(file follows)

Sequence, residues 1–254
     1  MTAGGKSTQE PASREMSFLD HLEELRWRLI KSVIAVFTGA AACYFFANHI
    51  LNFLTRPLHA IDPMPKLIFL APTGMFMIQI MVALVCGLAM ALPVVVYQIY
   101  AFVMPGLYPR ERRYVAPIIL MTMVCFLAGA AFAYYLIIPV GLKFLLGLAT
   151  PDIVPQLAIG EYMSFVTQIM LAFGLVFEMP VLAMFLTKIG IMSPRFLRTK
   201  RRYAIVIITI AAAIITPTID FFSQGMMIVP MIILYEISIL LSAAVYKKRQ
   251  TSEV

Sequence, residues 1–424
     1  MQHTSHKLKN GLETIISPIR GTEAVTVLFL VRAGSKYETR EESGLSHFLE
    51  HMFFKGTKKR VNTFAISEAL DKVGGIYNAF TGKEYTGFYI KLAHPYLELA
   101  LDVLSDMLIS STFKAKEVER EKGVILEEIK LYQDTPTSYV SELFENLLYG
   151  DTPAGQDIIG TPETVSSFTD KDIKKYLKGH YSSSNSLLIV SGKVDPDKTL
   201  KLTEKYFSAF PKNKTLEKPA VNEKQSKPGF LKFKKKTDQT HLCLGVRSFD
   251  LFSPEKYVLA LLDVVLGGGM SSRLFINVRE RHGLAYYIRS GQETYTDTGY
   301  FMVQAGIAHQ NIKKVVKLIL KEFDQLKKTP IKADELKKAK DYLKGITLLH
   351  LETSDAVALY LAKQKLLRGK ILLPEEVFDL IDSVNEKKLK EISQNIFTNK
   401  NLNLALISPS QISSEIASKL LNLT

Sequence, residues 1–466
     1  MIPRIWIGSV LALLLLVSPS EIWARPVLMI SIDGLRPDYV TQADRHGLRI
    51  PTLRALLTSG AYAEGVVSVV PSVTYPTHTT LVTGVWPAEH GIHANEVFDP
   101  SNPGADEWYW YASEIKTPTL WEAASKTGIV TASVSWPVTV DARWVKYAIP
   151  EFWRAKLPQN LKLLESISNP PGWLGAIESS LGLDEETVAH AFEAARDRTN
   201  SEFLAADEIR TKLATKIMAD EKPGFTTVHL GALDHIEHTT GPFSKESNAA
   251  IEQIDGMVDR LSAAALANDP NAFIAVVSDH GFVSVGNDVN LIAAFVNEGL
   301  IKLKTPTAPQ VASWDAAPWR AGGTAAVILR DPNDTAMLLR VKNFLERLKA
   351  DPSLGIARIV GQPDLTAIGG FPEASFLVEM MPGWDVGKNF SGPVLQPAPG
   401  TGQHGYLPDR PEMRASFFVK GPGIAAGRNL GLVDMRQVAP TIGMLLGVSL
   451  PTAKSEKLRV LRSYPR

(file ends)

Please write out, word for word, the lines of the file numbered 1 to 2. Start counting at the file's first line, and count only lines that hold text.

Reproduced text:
Sequence, residues 1–254
     1  MTAGGKSTQE PASREMSFLD HLEELRWRLI KSVIAVFTGA AACYFFANHI